Government complicates UCO issue over Housing for Elderly in new NPPG

NPPG Update

How does the use classes order apply to specialist housing for older people?

It is for a local planning authority to consider into which use class a particular development may fall. When determining whether a development for specialist housing for older people falls within C2 (Residential Institutions) or C3 (Dwellinghouse) of the Use Classes Order, consideration could, for example, be given to the level of care and scale of communal facilities provided.

Paragraph: 014 Reference ID: 63-014-20190626

This is a shift from ministry letters over the years stating the level of internal care was not a land use matter no doubt prompted by caselaw and ministerial decisions.  (see for example)

This will simply confuse matters.

Why cant it simply follow precedent

In these cases, a recurring theme is the degree of care provided to the majority, or all residents. It appears that conditions limiting occupation to those in need of care and support and receipt of a domiciliary care package of at least 2 hours per week are likely to underpin acceptance of a C2 classification. The 2 hours appears, in some of the cases, to be considered more than would normally be available in sheltered housing. It is argued provision of care by an on-site care team is more than would normally be provided by a warden within a sheltered housing scheme. While domiciliary care can be received in sheltered housing, the receipt of care is not a condition of occupation as it may be in extra care schemes. It is the explicit requirement to be in receipt of care as a condition of occupation that can make the difference.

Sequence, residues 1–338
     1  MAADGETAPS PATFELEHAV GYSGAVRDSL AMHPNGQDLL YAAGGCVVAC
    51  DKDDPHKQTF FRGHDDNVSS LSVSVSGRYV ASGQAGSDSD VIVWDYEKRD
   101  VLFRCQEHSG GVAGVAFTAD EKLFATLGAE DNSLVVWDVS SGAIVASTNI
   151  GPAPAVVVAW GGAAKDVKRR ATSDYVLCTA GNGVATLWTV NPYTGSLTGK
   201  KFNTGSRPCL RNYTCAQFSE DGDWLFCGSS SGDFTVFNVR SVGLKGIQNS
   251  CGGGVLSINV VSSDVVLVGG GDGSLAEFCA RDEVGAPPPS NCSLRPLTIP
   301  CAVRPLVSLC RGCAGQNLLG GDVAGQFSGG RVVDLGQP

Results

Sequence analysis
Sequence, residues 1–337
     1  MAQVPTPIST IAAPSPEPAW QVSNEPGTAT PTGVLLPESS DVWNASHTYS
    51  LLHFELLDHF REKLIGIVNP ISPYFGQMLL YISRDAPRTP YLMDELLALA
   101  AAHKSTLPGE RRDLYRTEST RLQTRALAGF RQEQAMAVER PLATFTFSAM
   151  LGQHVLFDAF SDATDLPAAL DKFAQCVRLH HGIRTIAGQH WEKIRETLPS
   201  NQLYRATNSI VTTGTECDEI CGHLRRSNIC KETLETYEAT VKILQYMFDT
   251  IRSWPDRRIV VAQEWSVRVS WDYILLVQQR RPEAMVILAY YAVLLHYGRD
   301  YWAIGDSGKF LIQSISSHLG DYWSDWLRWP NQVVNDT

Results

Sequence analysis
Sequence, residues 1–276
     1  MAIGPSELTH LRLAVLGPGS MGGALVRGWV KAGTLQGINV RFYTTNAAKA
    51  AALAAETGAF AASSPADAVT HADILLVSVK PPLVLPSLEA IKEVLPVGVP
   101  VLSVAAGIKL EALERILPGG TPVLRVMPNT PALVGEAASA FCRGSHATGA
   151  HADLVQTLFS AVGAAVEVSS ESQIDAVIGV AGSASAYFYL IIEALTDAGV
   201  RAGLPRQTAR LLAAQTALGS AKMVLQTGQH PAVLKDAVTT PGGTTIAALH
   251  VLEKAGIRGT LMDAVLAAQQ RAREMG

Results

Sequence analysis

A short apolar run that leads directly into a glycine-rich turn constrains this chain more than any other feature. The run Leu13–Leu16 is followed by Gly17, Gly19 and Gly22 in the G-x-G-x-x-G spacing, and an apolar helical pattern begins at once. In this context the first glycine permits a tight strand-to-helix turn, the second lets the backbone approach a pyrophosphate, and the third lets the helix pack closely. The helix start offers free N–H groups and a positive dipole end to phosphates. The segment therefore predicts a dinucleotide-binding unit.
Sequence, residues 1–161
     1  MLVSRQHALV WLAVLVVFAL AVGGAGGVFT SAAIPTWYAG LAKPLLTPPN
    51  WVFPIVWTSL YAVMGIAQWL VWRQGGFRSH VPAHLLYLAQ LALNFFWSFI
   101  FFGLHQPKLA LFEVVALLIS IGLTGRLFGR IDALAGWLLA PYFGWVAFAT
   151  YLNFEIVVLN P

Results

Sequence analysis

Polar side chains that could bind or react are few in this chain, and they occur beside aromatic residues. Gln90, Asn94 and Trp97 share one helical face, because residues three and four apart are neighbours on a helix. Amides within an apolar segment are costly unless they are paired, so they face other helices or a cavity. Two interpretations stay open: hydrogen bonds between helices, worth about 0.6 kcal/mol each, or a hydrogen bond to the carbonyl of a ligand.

On the other hand there is a case to state the level of care in not a material planning consideration.  Letters from the ministry dating back over 20 years state this clearly.  For example at an appeal in Hereford

‘the level of care to be provided is not relevant, since the Use Classes Order does not refer to that’ (paragraph 29) (source Tetlow King)

After all a resident of a C3 sheltered housing development could be receiving full time care – it would not switch the use class.

What matters I think are three things

  1. whether it is designed for people who cannot live independently (including independently with warden care) and
  2. whether those design features include elements essential for the care of those who cannot live independently and
  3. whether occupancy is limited by condition to those who cannot live safely in single family C3 dwellings (including conventional sheltered housing with wardens)

If the SoS wants the level of care to be material they should modify the UCO to reflect that. However this approach I think takes planning down a tricky path.



Leave a Reply

Fill in your details below or click an icon to log in: Logo

You are commenting using your account. Log Out /  Change )

Facebook photo

You are commenting using your Facebook account. Log Out /  Change )

Connecting to %s